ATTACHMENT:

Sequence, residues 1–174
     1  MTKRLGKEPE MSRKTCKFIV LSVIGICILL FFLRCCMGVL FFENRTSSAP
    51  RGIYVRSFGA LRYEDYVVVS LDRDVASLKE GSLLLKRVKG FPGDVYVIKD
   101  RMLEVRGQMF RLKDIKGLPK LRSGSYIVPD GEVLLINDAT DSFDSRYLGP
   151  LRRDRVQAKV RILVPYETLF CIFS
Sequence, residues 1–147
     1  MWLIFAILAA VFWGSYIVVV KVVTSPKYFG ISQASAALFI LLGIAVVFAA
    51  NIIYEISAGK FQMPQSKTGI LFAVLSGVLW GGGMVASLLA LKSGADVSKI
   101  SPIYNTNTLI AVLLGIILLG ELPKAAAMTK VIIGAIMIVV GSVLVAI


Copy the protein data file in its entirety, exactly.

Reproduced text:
Sequence, residues 1–174
     1  MTKRLGKEPE MSRKTCKFIV LSVIGICILL FFLRCCMGVL FFENRTSSAP
    51  RGIYVRSFGA LRYEDYVVVS LDRDVASLKE GSLLLKRVKG FPGDVYVIKD
   101  RMLEVRGQMF RLKDIKGLPK LRSGSYIVPD GEVLLINDAT DSFDSRYLGP
   151  LRRDRVQAKV RILVPYETLF CIFS
Sequence, residues 1–147
     1  MWLIFAILAA VFWGSYIVVV KVVTSPKYFG ISQASAALFI LLGIAVVFAA
    51  NIIYEISAGK FQMPQSKTGI LFAVLSGVLW GGGMVASLLA LKSGADVSKI
   101  SPIYNTNTLI AVLLGIILLG ELPKAAAMTK VIIGAIMIVV GSVLVAI